Two distinct styles of sprint exercises existed prior to the birth of the Sprintblock™ methodology. The training group frequently undertook the following sprinting exercises for building strength and acceleration:
Exercise 1 - Athletes would roll up to a specific start point, create a slight pause with brake and then the rider would snap to simulate a gate star and begin acceleration - this technique was applied with both platform and SPD pedals.
Exercise 2 - Athletes simply stood stationary with their body weight centred and relaxed with back foot on the ground in front of pedal at starting point. The sprint began once starting call was acknowledged and back foot would be placed on pedal during movement - this technique was performed with platform pedals.
There was a significant difference between the two techniques when examined exercise one built basic mechanics and acceleration however lacked repeatability due to the inconsistencies at contact point of each sprint.
Exercise two allowed athletes to start each acceleration at the same time, solving the repeatability issue it also had a powerful counter-movement when performed correctly, along with various other skill characteristics of the gate.
This exercise was simple in design, yet effective with minimal time spent on the starting gate and optimal time spent building correct sprint mechanics, strong neural drive and solid mental rehearsal plans, these focus points have not been forgotten in the engineering of the Sprintblock™.
Sprint training continued to evolve through the 2000's with SPD pedals being accepted worldwide. Members of the training group in Australia began leaning on bricks, plastic stools, helmets, aerobic step boxes and wooden blocks which allowed them to balance with SPD pedals. This new starting method allowed for the mental game to be developed and the competitive environment within each training session to be simulated. Upon retirement of Warwick Stevenson in 2008, Kyle Bennett, Khalen Young and the Australian training group continued trialling this new method within their daily training environment, inturn adding value to the first stage of prototyping. Feedback was also provided by Connor Fields and Joey Bradford in late 2010.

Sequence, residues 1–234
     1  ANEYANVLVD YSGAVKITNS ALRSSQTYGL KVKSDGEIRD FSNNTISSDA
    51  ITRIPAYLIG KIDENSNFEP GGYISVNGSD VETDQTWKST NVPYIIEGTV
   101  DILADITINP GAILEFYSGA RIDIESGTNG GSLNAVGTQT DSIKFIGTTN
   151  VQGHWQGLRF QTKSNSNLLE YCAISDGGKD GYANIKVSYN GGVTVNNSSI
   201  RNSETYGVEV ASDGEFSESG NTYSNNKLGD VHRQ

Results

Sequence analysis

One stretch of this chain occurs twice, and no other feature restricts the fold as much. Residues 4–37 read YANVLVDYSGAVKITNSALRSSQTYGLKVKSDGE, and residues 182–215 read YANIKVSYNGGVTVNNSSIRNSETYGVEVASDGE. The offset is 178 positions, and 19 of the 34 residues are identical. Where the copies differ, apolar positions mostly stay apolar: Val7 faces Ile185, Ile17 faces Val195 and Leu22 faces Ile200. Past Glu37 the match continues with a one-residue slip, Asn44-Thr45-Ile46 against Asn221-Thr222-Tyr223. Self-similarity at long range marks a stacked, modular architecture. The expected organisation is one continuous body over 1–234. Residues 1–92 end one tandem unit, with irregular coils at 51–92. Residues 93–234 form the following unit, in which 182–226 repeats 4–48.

George Costa from Rennen Design Group produced the first prototype to further assist in the ongoing proof of concept process, this was the start of the transition away from using household items. The fundamentals of the Sprintblock™ training method was introduced to Sam Willoughby in 2012 and applied throughout specific training blocks. His partnership with the Sprintblock™ assisted in the second stage of the prototyping process. Alise Willoughby (Post) has been an advocate of the Sprintblock™ method since 2010, producing quantifiable training logs and world class race results during the development phase of the product. This collaboration allowed a high level of measurable research, development and data collection. Thank you to Bob Flint and Mark Walters from the A+ Plastics Pty Ltd the manufacturing and design team behind the scenes that worked patiently to produce the Sprintblock™